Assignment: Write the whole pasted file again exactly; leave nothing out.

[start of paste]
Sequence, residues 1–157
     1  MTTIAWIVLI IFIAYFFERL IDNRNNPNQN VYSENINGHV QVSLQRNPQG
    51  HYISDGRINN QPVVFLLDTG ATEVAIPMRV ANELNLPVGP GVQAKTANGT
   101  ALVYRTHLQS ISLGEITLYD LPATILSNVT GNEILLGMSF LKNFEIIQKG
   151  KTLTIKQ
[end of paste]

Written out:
Sequence, residues 1–157
     1  MTTIAWIVLI IFIAYFFERL IDNRNNPNQN VYSENINGHV QVSLQRNPQG
    51  HYISDGRINN QPVVFLLDTG ATEVAIPMRV ANELNLPVGP GVQAKTANGT
   101  ALVYRTHLQS ISLGEITLYD LPATILSNVT GNEILLGMSF LKNFEIIQKG
   151  KTLTIKQ